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About Pilosus

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    LESSON 2


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  1. The default sound effects are sampled from the 1989 Lynx version of CC1, which came out a good year beofre Super Mario World.
  2. I do like it, but there are some things I will have to mention. It could have used a whole lot more polish. Choice of support functions (options/etc), having a bare-bone GUI for almost everything, a few minor bugs here and there, Scott Joplin music rather than original tunes, sound effects with unbalanced volume... I beta-tested the CC1 levelset in CC2 a week prior to release, and in fact the game did not get looping music untill just before release day! In my opinion, the game would problably had benefited a lot from a few more testers, and quite a few more feedback sessions between the testers and Chuck. While a programmer thinks "functionality", a designer thinks "experience", and it's very easy to forget or de-prioritize the later when having to both code and design everything yourself. When it comes to the levels, I did not like the slow phase in the first 1/3 of the game. I did neither like how diverse they were, as this makes it feel like just a bunch of random individual levels tucked together in a set.* This feeling is strengthened even more by the inclusion of a few very weak levels. Again, more testers/feedback would have benefited here. But gameplay is what I bought this for after all, and it's amazing! It absolutely feels like the Lynx version of CC1, but just with a whole lot more. *(I, for once, liked the homogenity of the levels in CC1. It made the game feel more consistent.)
  3. Hey! The Windows version was after all the ported version, and Chuck has mentioned before what he feels about it. Otherwise, I've read over at the facepunch forums that the graphics is just stored as a raw bmp file, much alike how TileWorld does it. Same with music; stored as midi files.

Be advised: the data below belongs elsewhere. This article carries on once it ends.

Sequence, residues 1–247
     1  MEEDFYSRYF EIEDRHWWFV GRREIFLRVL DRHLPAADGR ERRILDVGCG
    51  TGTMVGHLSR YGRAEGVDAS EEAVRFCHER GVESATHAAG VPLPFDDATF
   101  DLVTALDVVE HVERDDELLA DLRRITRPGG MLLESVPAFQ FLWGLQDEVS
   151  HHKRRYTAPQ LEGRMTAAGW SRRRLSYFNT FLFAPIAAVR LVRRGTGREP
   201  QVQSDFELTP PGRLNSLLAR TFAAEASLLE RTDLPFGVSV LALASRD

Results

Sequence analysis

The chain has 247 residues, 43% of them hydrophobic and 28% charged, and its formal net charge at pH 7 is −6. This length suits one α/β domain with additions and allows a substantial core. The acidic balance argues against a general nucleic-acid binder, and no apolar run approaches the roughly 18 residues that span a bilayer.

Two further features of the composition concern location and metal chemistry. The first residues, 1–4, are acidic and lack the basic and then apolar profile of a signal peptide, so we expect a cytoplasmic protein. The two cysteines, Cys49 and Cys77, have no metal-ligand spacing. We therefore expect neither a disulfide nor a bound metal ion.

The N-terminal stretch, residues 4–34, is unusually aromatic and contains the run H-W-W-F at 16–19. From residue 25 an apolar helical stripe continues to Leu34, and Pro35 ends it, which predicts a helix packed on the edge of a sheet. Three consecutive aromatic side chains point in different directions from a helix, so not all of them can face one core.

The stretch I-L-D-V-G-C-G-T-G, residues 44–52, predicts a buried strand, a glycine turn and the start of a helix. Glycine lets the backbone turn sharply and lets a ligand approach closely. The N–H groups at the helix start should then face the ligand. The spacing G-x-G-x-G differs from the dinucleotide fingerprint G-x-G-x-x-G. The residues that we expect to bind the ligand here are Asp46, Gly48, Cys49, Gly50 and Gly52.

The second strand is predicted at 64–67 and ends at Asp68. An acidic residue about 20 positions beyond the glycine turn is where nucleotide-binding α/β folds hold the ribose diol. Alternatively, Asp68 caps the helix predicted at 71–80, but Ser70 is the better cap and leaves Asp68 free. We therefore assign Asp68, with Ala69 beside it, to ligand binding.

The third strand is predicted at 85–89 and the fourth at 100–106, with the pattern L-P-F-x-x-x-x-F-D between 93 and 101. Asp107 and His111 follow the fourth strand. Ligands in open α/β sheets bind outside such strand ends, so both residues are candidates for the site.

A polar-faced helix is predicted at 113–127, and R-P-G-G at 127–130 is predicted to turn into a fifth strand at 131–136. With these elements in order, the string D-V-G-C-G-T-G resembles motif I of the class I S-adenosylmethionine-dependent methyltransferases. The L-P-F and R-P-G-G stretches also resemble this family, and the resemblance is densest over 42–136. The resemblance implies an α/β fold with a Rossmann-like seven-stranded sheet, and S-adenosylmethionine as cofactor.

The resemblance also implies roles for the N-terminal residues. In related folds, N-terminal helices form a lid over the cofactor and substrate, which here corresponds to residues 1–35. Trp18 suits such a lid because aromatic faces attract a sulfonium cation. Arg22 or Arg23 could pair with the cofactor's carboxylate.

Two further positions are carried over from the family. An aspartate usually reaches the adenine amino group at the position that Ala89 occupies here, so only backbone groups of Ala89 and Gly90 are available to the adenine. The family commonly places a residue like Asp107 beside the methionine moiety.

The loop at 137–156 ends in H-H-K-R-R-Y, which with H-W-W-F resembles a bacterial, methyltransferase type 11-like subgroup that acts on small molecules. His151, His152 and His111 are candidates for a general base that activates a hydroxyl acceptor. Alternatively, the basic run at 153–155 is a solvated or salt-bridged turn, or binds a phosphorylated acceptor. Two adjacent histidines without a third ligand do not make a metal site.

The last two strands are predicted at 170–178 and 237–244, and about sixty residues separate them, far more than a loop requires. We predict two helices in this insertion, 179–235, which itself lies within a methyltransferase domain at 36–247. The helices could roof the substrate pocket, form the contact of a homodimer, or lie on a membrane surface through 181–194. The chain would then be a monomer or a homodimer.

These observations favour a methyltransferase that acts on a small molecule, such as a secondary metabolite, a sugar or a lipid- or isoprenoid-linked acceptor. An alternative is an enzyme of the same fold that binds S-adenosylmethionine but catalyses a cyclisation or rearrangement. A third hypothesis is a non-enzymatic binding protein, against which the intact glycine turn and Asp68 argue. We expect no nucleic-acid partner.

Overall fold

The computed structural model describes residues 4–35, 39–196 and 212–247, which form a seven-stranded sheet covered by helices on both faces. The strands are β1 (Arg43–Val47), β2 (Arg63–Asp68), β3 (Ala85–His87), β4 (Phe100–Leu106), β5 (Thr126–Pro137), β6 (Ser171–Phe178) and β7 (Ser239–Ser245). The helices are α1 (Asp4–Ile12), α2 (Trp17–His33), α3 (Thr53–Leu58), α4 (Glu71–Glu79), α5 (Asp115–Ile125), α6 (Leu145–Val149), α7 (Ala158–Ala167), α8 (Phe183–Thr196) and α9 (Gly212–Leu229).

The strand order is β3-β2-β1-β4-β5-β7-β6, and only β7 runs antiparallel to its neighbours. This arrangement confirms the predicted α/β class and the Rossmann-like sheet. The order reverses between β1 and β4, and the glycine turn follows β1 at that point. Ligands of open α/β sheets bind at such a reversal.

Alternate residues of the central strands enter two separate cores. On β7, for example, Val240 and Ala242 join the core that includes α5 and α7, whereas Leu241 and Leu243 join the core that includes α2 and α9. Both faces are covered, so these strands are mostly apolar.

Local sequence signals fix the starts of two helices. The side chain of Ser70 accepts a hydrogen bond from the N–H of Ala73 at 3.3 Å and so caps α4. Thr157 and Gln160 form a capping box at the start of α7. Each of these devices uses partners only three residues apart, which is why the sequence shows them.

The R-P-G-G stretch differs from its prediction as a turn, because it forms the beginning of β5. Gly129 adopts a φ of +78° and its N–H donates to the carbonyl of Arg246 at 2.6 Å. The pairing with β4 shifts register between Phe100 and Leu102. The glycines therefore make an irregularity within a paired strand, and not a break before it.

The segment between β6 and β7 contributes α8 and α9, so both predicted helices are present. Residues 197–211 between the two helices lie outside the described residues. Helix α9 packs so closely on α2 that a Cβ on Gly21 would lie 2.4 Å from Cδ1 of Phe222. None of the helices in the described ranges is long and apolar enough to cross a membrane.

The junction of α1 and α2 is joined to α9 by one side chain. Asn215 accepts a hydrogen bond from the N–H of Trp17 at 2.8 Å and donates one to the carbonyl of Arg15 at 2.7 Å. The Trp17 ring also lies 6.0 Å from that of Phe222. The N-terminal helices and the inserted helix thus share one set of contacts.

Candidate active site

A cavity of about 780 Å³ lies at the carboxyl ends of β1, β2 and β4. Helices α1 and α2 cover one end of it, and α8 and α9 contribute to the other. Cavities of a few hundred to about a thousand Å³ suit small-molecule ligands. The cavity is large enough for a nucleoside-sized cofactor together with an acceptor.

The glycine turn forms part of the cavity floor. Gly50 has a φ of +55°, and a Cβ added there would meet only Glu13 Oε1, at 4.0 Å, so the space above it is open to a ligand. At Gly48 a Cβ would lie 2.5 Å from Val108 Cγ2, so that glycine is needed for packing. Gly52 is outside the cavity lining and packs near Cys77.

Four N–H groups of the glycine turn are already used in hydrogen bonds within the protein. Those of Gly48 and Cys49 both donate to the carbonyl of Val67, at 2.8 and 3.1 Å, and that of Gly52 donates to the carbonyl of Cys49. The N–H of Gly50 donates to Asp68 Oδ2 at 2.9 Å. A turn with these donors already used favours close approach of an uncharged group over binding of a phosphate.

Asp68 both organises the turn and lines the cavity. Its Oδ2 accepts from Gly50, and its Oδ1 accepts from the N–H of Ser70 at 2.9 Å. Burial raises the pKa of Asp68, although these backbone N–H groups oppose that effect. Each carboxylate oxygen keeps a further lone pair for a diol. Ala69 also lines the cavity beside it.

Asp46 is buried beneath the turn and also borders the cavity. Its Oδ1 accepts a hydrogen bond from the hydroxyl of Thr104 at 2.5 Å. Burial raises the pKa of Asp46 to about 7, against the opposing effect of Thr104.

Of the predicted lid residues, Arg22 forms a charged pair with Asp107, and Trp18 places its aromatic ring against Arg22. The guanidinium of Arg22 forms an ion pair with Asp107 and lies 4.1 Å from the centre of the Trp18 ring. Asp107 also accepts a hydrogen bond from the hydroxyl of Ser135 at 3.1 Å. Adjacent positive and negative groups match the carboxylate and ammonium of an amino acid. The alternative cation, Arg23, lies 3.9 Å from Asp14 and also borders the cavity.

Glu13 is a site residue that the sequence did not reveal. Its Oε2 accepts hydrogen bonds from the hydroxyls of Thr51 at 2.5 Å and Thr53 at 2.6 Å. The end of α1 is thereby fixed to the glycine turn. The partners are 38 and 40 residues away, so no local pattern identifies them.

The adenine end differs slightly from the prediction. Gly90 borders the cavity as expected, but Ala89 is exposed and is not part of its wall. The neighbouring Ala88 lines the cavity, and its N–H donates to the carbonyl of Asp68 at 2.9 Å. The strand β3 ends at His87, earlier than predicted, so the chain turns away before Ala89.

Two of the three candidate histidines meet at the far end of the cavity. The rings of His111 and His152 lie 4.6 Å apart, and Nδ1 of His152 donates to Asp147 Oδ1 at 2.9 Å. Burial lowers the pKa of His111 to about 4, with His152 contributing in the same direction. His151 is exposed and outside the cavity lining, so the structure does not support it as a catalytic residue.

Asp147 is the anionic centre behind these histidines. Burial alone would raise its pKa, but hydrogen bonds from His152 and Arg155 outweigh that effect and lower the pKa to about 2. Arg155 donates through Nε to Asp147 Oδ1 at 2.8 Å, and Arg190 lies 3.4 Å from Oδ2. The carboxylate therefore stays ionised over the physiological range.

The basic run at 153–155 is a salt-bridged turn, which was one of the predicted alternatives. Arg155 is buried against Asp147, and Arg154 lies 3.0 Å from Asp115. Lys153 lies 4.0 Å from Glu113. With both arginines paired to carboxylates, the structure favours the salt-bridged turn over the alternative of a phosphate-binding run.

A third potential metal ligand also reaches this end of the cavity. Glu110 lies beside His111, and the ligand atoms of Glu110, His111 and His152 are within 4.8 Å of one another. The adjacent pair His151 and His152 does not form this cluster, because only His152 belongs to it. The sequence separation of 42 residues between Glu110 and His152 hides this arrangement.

4. I went into a hex editor and changed all the game over messages to something general like "Game Over, Please Try Again." some years back. All you have to make sure is to keep the length of the messages the same. In other words, the new messages must be shorter or equal in length to the old ones, and eventually use spaces as padding.
  5. I wonder if there is some kind of event schreduler that's not working right and delaying certain actions with one frame to many from time to time. How much is known about timing of the Lynx version of Chips Challenge? We have a good overview of the major rule differences, but do we really know how the Lynx version of the engine handles everything? We can always observe and estimate how the Lynx version should play, but then glitches like these can occur.
  6. I am impressed that this project has been brought back into attention. I was slightly involved with it back in 2008 or so, but at the time I was about 15-years old and had no experience with object oriented programming or LUA. As for the puzzle pieces, they actually were chips in earlier buids. Chuck decided to change it to distinguish the game more from Chips Challenge, possibly to avoid any form of potential legal dispute. Most of the art was supposed to be preliminary, and the idea was to replace it with actual 3D models at some point. One of the main ideas behind the engine was to have all blocks work as plugins. If you needed a very particular block for a puzzle, you would just code it in and included it along with the level file.
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